Lee Cohen Harby

122 East Bay Street

One of the most historic buildings in Charleston, the Exchange was built as a custom house before the Revolution, and became the site of much political activity during and after the War for Independence. Here South Carolina ratified the U.S. Constitution, and President George Washington was entertained on his 1791 visit to the city. The building served briefly as Charleston’s city hall, and later as the U.S. Post Office. Its survival and preservation is due partially to Lee Cohen Harby, who led the committee of the Rebecca Motte Chapter of the Daughters of the American Revolution to oversee the transfer of the building from the federal government to the DAR, and to keep it as a proper memorial to the history of the nation and the city.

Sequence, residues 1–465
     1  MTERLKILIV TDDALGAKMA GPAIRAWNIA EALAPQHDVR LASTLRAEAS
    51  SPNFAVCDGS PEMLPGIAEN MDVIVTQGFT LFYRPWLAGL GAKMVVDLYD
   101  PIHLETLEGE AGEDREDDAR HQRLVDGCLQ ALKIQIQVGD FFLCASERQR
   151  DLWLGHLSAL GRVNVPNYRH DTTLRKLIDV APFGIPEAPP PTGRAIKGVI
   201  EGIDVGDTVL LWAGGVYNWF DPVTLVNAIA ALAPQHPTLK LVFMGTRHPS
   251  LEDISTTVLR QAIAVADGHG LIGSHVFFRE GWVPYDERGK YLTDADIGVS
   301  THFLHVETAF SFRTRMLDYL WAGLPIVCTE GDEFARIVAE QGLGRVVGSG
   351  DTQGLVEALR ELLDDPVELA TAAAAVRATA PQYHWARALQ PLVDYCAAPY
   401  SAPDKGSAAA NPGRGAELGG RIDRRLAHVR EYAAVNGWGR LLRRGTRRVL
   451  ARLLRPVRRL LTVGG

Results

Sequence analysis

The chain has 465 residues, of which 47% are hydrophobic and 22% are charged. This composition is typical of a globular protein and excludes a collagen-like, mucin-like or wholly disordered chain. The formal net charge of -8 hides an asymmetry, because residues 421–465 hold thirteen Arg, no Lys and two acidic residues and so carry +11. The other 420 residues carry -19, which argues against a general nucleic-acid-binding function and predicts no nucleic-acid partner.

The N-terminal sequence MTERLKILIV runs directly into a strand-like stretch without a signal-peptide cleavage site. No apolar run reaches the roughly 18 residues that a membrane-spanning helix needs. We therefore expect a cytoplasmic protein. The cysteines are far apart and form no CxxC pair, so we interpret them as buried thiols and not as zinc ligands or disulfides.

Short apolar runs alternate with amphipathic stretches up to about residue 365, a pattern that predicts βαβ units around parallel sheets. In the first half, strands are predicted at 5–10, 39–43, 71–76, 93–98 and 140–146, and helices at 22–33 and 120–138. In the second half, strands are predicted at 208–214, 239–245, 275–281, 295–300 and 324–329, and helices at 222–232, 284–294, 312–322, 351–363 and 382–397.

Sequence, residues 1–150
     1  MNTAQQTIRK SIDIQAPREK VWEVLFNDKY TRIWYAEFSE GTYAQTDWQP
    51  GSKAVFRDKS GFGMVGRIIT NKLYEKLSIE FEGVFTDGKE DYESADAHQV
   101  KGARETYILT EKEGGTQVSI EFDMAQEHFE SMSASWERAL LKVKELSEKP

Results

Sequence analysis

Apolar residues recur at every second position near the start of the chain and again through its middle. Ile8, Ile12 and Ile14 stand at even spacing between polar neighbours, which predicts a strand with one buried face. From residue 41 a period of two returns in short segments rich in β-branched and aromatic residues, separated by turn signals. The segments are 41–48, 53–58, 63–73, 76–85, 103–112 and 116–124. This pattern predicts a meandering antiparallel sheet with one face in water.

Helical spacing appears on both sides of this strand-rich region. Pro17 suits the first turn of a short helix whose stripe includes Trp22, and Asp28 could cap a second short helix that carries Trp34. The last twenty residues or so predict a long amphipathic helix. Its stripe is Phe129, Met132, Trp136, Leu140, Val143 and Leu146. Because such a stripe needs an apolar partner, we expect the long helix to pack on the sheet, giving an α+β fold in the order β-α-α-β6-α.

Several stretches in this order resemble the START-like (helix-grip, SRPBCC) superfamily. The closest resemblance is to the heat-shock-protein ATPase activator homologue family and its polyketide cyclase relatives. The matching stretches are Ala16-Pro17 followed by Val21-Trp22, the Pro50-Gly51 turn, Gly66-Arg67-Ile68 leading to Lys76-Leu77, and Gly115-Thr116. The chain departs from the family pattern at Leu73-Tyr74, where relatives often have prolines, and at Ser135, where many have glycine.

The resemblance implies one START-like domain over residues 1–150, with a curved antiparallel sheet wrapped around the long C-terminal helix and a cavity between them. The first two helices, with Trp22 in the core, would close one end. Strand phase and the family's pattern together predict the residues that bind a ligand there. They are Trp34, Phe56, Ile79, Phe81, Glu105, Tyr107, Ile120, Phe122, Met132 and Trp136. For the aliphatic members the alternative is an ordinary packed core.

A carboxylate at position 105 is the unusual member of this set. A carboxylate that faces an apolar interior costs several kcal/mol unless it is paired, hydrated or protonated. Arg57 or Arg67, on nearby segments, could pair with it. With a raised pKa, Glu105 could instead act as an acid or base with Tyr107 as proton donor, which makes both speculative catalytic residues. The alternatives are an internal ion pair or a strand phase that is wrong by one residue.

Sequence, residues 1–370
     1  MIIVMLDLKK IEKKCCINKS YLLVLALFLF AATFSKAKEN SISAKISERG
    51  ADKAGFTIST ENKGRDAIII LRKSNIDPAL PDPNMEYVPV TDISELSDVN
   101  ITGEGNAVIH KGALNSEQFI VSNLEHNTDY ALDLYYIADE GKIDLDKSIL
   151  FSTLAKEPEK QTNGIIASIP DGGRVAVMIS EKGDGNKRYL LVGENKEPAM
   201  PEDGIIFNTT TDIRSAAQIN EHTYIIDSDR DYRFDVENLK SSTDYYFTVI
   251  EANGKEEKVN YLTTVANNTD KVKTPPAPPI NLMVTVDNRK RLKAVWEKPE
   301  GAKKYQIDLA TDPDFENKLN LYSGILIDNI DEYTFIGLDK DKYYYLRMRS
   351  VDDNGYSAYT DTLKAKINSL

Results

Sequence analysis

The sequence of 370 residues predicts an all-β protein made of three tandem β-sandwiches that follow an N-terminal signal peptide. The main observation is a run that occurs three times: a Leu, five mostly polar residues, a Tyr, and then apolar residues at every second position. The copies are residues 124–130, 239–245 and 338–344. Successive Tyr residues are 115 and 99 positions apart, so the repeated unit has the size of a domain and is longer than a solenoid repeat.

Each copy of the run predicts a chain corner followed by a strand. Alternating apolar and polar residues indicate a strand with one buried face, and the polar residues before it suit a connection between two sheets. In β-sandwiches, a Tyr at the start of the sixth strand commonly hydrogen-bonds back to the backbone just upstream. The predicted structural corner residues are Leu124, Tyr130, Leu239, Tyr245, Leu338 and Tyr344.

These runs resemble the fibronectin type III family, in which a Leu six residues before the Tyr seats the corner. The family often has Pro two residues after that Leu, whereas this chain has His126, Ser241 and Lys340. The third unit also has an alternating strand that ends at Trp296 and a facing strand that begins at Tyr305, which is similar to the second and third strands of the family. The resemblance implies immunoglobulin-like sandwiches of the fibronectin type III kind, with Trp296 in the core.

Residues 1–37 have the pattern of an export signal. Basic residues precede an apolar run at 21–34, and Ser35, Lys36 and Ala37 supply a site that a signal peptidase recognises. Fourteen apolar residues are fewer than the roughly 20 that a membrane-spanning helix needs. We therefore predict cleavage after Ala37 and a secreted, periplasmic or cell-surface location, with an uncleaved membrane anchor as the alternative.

Negotiations for the project began in 1899, and in 1917 the United States government gave the Exchange building to the Daughters of the American Revolution of South Carolina. A plaque on the north wall commemorates Mrs. Harby, a daughter of Marx E. Cohen and Armida Harby Cohen, whose Revolutionary War ancestor was her great-grandfather Marks Lazarus (1757–1835). Lazarus rose to the rank of Sgt. Major under Col. John Hayden and was engaged in the siege of Fort Moultrie and in the battles around Charleston and Savannah. In May 1780, he was made prisoner and probably detained until the end of the war.

For more information on Lee Cohen Harby, see the Lee Cohen Harby papers, Special Collections, College of Charleston.

Honoring Lee Cohen Harby

Honoring Lee Cohen Harby

Plaque on the Old Exchange building in Charleston recognizing Harby’s role in acquiring the property for the Daughters of the American Revolution. Photo by Sarah Fick, 2016.